An Argument for Unproductivity

As the pandemic as drawn on, I have come across some version of the following statement a number of times:

“Due to the pandemic, I have been able to…”

This is usually followed by some super cool thing that they were able to do because they had the time to do it. This has been true for many creatives as well. Writers, musicians, and artists have in some cases had more time to focus on their work, coming up with remarkable results. To me, this is wonderful, that they had the time to create, and during that time they were inspired. I am certainly happy for all of them.

Photo by Sander on

However, the ability to be creative during the pandemic is in itself a privilege that relies on several very important things:

  1. The artist actually had the time. Many people still had to work, especially people in ‘essential’ jobs. Many of these jobs, such as retail clerks, are pretty low-paying. Many people lost their jobs, forcing them into work that pays less.
  2. The artist and their family were healthy. For many people, the pandemic was nothing more than an inconvenience, but for many more it involved life and death struggles with the illness. Looking at the numbers of deaths and cases provide clues to just how many people have had to deal with this.
  3. The artist had the mental space. Let’s face it; we have had a rough year. In our own ways, we have all faced and dealt with trauma and fear. These things clutter the mind. For some it inspires action, but for others it causes us to shut down.

If you have been productive, congratulations. You should be proud of your accomplishments.

However, if you did not have the time and mental space to take on projects and be creative, that is okay. It really is. Do not compare yourself to what those around you accomplished. And don’t let anyone bully you into believing otherwise. You did exactly what you needed to do.

In the words of the old prayer, “Be gentle with yourself. You are a child of the universe, no less than the trees and stars.”

Telling the Truth: What Motivates You?

Recently, I had to watch some training videos for work. In one of them, they asked a question that took me off guard: “What motivates you?”

What does motivate me? Why do I keep creating? What do I hope to achieve?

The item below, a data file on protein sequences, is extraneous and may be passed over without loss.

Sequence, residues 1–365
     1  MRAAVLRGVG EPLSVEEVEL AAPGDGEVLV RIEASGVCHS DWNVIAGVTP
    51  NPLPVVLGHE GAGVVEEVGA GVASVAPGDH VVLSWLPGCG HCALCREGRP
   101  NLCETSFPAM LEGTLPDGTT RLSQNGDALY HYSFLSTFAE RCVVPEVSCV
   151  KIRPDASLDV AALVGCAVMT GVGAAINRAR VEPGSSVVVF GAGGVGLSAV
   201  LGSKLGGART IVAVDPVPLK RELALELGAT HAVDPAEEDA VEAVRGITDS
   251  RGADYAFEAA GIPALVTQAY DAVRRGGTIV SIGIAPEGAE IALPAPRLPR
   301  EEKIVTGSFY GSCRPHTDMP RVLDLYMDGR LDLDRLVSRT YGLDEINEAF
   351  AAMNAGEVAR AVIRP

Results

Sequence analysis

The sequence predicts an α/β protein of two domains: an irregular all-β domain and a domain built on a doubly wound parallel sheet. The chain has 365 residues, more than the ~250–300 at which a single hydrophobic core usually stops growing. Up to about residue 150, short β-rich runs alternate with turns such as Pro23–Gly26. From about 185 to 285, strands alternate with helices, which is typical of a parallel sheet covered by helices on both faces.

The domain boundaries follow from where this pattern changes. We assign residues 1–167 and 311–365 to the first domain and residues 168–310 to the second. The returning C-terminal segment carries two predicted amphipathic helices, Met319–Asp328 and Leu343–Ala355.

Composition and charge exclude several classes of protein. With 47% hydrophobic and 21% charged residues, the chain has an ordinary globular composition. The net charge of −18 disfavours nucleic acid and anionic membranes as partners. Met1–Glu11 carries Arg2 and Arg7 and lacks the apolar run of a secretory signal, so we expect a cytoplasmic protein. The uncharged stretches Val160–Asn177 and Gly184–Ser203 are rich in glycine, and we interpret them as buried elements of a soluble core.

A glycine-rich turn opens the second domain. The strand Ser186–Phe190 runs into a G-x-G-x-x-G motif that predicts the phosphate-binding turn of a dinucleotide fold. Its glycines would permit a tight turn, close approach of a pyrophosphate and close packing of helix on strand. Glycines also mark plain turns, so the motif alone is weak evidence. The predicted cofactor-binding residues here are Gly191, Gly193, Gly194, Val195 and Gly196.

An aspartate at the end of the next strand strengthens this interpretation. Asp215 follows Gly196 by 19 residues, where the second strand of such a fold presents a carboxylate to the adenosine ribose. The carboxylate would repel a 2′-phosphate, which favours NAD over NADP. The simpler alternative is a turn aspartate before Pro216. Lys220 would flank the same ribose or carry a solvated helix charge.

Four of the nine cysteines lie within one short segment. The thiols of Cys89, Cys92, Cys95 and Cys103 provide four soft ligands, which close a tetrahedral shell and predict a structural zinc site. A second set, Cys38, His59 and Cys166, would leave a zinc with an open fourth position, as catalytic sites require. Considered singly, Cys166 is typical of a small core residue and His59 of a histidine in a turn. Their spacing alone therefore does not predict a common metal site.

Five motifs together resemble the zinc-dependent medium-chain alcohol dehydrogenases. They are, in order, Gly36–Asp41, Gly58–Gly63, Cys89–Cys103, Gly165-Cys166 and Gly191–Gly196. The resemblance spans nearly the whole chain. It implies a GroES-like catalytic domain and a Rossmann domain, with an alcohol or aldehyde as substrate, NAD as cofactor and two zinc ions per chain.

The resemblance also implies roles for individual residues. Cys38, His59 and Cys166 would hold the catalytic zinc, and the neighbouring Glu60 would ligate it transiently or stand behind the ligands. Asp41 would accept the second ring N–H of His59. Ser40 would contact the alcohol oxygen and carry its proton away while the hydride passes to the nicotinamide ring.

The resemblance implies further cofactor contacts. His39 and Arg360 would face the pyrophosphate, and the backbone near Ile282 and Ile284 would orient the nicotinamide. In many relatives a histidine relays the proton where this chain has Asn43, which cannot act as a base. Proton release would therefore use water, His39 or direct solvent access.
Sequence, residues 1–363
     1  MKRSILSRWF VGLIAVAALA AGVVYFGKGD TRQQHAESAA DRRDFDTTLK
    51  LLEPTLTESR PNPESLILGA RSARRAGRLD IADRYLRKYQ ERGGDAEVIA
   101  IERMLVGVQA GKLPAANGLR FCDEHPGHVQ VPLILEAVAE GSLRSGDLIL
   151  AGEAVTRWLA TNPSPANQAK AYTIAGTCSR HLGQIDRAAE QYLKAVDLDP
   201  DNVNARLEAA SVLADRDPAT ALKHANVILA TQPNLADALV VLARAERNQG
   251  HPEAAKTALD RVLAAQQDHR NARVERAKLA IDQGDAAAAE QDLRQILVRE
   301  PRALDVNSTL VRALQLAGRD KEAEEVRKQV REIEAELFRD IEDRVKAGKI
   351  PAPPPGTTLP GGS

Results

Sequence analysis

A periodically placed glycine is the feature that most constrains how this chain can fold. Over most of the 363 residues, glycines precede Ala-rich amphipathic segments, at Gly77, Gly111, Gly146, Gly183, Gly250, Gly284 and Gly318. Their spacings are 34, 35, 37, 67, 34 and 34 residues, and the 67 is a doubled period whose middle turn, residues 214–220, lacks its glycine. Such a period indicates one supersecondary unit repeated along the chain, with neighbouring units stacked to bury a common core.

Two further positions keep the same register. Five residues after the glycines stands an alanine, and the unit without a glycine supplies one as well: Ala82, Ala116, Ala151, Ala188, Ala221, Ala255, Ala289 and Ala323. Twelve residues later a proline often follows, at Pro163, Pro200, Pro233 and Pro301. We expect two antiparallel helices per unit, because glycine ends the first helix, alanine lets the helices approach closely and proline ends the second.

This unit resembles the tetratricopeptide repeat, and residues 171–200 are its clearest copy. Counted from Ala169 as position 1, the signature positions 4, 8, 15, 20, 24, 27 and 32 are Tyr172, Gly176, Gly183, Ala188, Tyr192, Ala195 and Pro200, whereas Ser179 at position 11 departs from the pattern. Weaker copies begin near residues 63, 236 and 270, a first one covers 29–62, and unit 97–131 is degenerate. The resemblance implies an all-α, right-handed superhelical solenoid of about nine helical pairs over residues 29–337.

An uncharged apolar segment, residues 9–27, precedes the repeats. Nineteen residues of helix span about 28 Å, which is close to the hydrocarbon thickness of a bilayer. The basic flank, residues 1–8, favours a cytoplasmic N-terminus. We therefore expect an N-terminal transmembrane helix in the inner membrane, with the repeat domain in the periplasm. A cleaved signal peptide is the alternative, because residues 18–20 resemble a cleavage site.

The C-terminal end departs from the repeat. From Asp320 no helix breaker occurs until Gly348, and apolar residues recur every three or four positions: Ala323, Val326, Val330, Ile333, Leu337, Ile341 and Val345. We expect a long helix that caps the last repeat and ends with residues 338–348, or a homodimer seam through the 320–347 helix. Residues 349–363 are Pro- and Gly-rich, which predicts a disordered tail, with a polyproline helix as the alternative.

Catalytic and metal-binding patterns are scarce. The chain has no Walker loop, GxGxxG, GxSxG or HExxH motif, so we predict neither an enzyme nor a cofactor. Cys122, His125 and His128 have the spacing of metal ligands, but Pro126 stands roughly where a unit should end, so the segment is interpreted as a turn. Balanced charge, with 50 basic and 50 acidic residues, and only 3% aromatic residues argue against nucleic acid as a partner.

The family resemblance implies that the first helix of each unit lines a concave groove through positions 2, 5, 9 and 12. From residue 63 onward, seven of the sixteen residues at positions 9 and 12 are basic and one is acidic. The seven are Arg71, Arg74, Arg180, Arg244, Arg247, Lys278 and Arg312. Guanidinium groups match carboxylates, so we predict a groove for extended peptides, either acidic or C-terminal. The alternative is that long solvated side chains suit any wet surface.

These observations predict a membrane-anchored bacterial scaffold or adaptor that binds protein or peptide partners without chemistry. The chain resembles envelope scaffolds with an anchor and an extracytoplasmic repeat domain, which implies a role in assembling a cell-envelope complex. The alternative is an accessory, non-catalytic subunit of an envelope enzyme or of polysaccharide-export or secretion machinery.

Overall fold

There’s no simple answer to that. Certainly, I have a desire to be heard, that maybe something that I say will resonate with someone and make their life a little easier. That connection, across time and space through art, is so important to artistic endeavor.

But then there’s the reality of wanting compensation for my work. There’s validation that comes with a payday for all the hard work I’ve put in. Some artists will tell you that if you’re doing your work to be paid, you’re doing it for the wrong reasons, but in a world where money denotes value, if our work isn’t worth anything does that mean it has a no value?

And of course, there is the ego, that part of me that likes the little pats on the back I get for even my smallest accomplishments. I get a poem published? I get a pat on the back. I post about getting that poem published? I get more pats. Maybe its my way of proving to myself “I matter!” Maybe we have to fish for that encouragement because we don’t know how to get it otherwise.

And then, way off in the distance, is fame. The more people who are exposed to my work, the more famous I am. It’s a grown up version of who was more popular in high school, and even though fame is a pipe dream for most of us, does it drive me in some Hollywood kind of way?  

I’m not writing this for answers or to solve a problem. It seems though that the question is more important, that we ask ourselves why we do what we do? What do we really seek? What do we WANT? And we continue to ask, assessing how our goals change, how we change. Even if our answers are uncomfortable, they help us be honest with ourselves, and they might even help us get to where we want to go.

What motivates YOU?

New Work, New Poem “Grief”

With my book having come out recently, I’ve been spending a lot of time posting and talking about it. However, that doesn’t mean I have not been working on new stuff. I’ve been putting down some new fiction, and even writing some music. As for poetry, I have a bunch of poems and partial work composed in my journal. I almost always write things first by hand before I type and revise them. Here is a peek at sections of a poem I’ve been working on called “Grief.” Excuse the handwriting – it’s pretty bad!